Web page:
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Hidden Beneath the Ocean’s Surface, Nearly 16 Million Tons of Microplastic

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Plastic waste has long been a visible — and growing — problem in oceans around the world, with refuse littering the shorelines of once-pristine beaches, stretching out across a wide expanse of sea in the Great Pacific Garbage Patch, and threatening sea life that ingest it.

A new report offers a glimpse of one of the impacts below the surface of the ocean: the scale of microplastics building up on the ocean floor. In what researchers called the first such global estimate, Australia’s national science agency says that 9.25 million to 15.87 million tons of microplastics — fragments measuring between five millimeters and one micrometer — are embedded on the sea floor.

That is far more than on the ocean’s surface and it is the equivalent of 18 to 24 shopping bags full of small plastic fragments for every foot of coastline on every continent except for Antarctica.

It is an issue that activists have long warned about even as the fight to clean up the ocean has focused largely on the eradication of single-use plastic products like shopping bags.

The findings were published on Monday in a new study by the Commonwealth Scientific and Industrial Research Organization, or C.S.I.R.O.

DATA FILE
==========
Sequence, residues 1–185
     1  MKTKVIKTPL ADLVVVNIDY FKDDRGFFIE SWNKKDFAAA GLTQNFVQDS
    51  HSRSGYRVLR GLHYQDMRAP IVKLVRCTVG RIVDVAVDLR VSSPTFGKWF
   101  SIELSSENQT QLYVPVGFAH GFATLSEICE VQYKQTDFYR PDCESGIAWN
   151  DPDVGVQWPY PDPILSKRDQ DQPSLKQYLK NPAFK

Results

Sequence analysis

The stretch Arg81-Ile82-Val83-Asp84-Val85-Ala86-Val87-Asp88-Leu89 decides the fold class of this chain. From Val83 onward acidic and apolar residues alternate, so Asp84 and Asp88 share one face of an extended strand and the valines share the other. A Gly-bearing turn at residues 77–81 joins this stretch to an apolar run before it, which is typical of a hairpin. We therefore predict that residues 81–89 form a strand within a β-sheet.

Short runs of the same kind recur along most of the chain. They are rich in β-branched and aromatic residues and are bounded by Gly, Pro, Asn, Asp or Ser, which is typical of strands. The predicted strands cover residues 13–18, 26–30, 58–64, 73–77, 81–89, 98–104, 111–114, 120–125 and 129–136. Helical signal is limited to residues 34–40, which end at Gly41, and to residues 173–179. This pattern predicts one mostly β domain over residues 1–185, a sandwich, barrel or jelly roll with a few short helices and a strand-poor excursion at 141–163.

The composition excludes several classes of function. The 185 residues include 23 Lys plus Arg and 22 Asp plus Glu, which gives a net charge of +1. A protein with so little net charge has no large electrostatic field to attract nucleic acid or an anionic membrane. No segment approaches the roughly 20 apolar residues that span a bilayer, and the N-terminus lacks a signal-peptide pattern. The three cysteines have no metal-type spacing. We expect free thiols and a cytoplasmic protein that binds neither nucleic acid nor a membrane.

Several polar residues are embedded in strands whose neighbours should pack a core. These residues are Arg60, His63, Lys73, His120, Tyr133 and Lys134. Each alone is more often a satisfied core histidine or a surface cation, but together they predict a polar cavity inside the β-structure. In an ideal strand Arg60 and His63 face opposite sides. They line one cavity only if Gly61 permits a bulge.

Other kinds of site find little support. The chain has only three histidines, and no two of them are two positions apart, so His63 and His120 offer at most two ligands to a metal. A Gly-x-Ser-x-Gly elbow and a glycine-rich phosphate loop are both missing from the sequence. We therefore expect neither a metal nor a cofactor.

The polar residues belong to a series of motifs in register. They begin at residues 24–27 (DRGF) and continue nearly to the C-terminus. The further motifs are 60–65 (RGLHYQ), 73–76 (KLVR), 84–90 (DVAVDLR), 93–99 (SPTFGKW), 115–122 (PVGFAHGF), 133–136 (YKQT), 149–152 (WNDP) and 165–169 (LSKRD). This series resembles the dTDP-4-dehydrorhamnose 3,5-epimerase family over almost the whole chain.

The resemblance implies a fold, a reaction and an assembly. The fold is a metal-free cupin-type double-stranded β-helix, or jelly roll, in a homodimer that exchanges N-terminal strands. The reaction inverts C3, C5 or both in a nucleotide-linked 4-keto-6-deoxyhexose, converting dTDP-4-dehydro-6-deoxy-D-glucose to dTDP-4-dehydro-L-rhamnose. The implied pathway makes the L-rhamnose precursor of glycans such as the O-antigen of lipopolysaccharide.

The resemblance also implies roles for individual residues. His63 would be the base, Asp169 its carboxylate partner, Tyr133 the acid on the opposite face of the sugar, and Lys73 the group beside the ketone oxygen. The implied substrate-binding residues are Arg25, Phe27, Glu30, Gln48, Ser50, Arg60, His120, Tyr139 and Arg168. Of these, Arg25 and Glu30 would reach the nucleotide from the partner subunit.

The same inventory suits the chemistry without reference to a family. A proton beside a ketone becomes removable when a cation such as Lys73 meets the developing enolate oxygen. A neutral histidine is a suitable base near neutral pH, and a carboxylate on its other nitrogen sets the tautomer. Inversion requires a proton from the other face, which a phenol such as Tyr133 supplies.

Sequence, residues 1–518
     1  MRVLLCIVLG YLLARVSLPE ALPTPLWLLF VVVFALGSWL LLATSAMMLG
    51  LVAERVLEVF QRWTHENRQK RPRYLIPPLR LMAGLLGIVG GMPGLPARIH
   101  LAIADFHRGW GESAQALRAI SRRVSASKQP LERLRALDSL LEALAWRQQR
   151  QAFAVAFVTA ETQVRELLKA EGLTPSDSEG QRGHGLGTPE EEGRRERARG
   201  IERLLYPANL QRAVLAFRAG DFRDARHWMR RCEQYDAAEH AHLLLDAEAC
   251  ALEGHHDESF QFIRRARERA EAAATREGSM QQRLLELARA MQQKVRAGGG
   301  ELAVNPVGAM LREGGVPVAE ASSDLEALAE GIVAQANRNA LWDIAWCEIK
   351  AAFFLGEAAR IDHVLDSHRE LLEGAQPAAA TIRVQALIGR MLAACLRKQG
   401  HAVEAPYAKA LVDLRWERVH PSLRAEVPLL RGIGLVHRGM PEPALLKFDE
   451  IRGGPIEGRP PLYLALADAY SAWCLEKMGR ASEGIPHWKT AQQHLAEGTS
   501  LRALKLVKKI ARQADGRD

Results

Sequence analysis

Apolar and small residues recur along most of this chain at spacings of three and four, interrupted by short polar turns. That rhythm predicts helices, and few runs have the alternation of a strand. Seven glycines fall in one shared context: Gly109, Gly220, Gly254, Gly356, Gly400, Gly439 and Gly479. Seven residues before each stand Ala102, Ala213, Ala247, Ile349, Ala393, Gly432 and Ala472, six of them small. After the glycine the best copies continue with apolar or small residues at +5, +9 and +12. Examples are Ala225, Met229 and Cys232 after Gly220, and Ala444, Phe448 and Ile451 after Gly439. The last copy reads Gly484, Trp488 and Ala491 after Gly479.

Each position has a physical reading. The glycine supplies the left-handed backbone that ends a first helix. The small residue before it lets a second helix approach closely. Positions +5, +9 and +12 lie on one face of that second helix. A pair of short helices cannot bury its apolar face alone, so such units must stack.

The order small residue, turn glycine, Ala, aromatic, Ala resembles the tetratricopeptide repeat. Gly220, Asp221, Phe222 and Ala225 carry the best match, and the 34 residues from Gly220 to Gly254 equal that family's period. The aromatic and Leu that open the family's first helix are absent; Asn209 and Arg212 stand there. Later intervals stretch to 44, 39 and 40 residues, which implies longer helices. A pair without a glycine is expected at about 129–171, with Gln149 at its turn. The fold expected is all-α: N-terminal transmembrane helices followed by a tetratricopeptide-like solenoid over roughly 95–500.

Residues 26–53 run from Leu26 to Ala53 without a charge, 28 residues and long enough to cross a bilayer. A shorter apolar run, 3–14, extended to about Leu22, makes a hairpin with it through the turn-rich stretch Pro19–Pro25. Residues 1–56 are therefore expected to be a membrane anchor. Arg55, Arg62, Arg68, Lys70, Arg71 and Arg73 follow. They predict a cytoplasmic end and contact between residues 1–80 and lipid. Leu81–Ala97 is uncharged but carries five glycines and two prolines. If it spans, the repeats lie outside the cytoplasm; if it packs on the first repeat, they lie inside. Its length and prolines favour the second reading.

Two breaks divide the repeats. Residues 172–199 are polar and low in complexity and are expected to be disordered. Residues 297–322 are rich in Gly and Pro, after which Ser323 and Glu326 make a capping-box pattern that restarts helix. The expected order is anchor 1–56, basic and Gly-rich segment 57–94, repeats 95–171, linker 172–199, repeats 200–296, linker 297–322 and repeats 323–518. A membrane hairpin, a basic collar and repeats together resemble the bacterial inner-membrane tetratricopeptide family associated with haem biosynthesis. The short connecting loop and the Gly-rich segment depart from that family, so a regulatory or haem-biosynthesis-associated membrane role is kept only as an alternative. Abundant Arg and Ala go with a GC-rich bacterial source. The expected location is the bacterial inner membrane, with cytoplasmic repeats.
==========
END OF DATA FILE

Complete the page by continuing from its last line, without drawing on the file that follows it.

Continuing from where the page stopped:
“It really points to the ubiquity of the problem. It is really everywhere all the time and increasing,” Britta Denise Hardesty, a principal scientist for C.S.I.R.O. and an author of the study, said in a phone interview on Wednesday.

Microplastics are not confined to the ocean. They are also found in air particles and can be spread by wind. A variety of microplastics was even detected in the human gut.

In recent years, hundreds of plastic objects have been found in the bellies of dead whales around the world.

While cities have banned plastic bags and straws, the use of

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What’s up, doc? Why nearly 32 tons of carrots were dumped on a university campus

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A gigantic pile of carrots seemingly dumped on a British college campus has piqued the attention of social media users worldwide.

Photos of the scene have gone viral, and it seems like everyone’s eager to figure out why so many carrots — like, a truly breathtaking amount of carrots — were left on the campus of Goldsmiths University, a London-based school that focuses on creative learning and the arts.

Some suggested that the school might be trying to attract a new type of student.

There was some speculation that it might be the remnants of a gigantic band of snowmen.

Others suggested that it might have just been an ordering error, or a creative way to keep any dining halls on campus well-stocked.

As solid as these theories might be, unfortunately, none of them were correct. A spokesperson for the school confirmed to TODAY Food that the nearly 32 tons of carrots were part of an installation called “Grounding,” produced by artist and student Rafael Perez Evans as part of the school’s Master of Fine Arts degree show, which runs from Oct. 2 to 6.

A video shared